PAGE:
Wonderful source of Scots info - delightful writings and poetry, the audio is fantastic...maith thú! (Irish here - Níl Gaeilge Albanach agam - but wish you would have some of the Erse - if not but as an aid to some of the Scots) Best to you and may you succeed in passing on the language! C.
Name: Andi ye ken? 8/23/2004 Email: Hamepage: URL: http:// Airtit bi: Juist comin ower it. Airt:
This site is great! Love it! I've loved the Scottish accent/dialect/language lol and I've been yearnin to learn it! gracius!
thone english translation: that thing. Wabmaister's Comment. Thanks, but its no awfu new. It's aye been kent as thon or yon.
I ran across your very interesting site while Googling for something else. While I was browsing through the "proverbs" I ran across this: "Bairns maun creep or thay gang." which was translated as "Those who don't succeed very well at first may do better afterwards." I would have thought a better translation would be: "A child must crawl before it can walk." -- but then, I'm from Texas -- so I may be talking through my hat. (talking about something you know nothing about). I found the page on idioms fascinating reading and in just a few pages of your very interesting language lessons, I was able to spot quite a few words and expressions that have made their way across the pond into American speech -- like calling a bag or sack a "poke" -- "Don't buy a pig in a poke" is a very common expression in the Southern US meaning don't buy something without checking it out first. -- or doing something "to get a rise out of" (provoke) someone. I wasn't able to stay nearly as long as I would have liked this time, but I've bookmarked your site, so I can come back again when I have more time to explore and enjoy. I live in the Texas "pan handle" (the rectangular bit on the north end that is in between Oklahoma and New Mexico) and we have a strong Scots heritage here in this part of Texas. The country just south of where I live was part of the original Matador Ranch (400,000 acres) that was owned by a corporation based in Dundee, so some Scots came here to work for the ranch, but many others followed to take advantage of the homestead laws to settle in Texas and build a new home on the range. We are proud of our Scots heritage, and we'd be proud to have you come visit us. The National Ranching Heritage Center here in Lubbock, Texas, is dedicated to preserving the history of the ranching industry and the Historical Park features the old headquarters building from the Matador Ranch (1882) along with many other historical buildings from the area that have been acurately restored and relocated to the museum grounds, including a linecamp, dugout, bunkhouse, blacksmith shop, cowchip house, schoolhouse, corrals, shipping pens, windmills, chuckwagons, and a coal burning locomotive. Visit the NRHC online at http://www.depts.ttu.edu/ranchhc/home.htm or come see Buddy Holly's home town in person and stay in a real Santa Fe caboose. http://www.woodrowhouse.com/room9.html Yawl come by 'n see us, now. We'll dish yuh up uh big ol' plate uh barbecue, pinto beans, tater salad 'n cornbread, 'n fix yuh uh great big pitcher uh Margaritas, so come hungry, 'n after supper we'll chaw 'n jaw uh while out on thuh front porch, 'n we'll teach yuh to talk Texan. sjg:o)) >^..^<>^..^<>^..^<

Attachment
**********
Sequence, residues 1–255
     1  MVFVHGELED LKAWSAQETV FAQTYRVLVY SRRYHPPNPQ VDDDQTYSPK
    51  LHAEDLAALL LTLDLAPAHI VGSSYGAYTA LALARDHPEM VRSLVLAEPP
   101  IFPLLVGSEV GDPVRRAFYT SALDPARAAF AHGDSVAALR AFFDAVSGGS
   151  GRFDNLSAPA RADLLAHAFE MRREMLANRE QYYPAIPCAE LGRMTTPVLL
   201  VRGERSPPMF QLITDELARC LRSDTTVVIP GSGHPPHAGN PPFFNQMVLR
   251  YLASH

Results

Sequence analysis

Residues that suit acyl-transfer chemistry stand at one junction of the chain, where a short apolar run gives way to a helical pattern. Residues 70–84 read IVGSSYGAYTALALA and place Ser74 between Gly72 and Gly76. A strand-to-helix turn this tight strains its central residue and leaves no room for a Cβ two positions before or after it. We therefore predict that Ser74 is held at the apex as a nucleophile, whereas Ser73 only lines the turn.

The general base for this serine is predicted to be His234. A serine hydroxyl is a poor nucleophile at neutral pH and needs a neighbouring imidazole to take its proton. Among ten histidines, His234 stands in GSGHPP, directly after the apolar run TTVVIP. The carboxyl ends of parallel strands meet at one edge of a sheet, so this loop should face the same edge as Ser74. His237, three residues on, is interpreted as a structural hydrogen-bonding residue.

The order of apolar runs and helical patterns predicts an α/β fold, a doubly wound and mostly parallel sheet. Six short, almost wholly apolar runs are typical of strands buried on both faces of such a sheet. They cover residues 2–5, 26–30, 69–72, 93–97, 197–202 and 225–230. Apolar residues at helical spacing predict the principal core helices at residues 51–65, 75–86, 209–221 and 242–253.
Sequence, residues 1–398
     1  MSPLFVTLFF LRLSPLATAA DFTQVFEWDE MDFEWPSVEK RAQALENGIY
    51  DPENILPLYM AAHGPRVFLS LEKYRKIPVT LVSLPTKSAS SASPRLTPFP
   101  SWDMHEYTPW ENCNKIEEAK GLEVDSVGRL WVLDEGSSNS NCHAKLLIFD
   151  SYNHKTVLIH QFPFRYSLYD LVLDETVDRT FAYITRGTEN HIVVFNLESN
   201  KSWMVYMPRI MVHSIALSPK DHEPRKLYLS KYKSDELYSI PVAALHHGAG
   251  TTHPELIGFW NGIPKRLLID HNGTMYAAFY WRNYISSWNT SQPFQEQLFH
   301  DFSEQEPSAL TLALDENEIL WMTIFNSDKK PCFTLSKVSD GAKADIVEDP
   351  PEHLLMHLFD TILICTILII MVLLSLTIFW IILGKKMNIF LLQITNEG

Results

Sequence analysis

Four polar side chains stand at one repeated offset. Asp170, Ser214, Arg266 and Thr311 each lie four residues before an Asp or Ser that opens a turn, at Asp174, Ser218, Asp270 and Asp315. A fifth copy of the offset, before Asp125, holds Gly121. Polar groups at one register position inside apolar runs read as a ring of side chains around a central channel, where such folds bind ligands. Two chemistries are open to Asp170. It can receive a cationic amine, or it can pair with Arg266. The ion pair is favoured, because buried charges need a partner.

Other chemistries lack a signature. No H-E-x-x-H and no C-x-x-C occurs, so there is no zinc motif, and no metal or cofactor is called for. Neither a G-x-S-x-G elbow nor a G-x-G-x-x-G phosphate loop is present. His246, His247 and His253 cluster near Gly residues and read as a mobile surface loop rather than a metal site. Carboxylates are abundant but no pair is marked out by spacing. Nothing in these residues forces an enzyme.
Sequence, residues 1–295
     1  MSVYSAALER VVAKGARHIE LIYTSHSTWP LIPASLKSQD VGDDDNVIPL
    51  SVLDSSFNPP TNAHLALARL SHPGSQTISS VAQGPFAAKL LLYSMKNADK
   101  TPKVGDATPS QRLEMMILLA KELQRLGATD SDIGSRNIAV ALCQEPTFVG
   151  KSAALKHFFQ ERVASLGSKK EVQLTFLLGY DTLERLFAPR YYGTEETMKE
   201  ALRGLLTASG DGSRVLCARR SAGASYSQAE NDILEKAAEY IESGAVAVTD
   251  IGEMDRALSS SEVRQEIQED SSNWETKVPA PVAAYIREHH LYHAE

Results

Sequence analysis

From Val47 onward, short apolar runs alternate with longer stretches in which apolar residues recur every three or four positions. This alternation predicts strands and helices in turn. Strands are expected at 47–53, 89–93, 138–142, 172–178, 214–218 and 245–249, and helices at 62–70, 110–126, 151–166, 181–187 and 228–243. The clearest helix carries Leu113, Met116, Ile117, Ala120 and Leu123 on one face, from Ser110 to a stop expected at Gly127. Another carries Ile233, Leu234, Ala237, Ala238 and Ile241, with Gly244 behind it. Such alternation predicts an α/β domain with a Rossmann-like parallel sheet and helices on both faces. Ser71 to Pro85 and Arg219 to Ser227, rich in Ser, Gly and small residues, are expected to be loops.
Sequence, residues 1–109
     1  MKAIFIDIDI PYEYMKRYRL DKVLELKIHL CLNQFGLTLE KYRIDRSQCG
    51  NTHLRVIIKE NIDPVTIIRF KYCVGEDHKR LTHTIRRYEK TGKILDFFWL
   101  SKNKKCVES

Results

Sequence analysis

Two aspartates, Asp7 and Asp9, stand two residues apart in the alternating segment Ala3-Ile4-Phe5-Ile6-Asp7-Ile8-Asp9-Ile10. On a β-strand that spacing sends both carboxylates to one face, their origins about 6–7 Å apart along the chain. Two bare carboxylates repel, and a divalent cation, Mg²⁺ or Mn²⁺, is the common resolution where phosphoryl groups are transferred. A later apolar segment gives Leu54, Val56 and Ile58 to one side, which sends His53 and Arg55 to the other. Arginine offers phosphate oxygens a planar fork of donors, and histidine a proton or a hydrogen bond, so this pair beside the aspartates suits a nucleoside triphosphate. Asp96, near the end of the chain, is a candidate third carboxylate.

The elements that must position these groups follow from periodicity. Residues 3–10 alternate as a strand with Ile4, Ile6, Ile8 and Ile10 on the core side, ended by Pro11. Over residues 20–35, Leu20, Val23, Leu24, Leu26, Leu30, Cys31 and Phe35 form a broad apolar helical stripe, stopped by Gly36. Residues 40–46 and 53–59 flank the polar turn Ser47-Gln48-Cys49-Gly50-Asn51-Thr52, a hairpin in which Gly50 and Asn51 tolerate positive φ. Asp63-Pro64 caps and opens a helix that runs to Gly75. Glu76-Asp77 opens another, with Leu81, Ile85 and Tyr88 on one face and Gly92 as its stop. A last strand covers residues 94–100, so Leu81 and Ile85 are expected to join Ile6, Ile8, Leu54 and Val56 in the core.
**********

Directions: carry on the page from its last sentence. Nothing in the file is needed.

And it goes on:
My website his short stories fae The Moray Firth Coast an' ither airts. Tak a peep.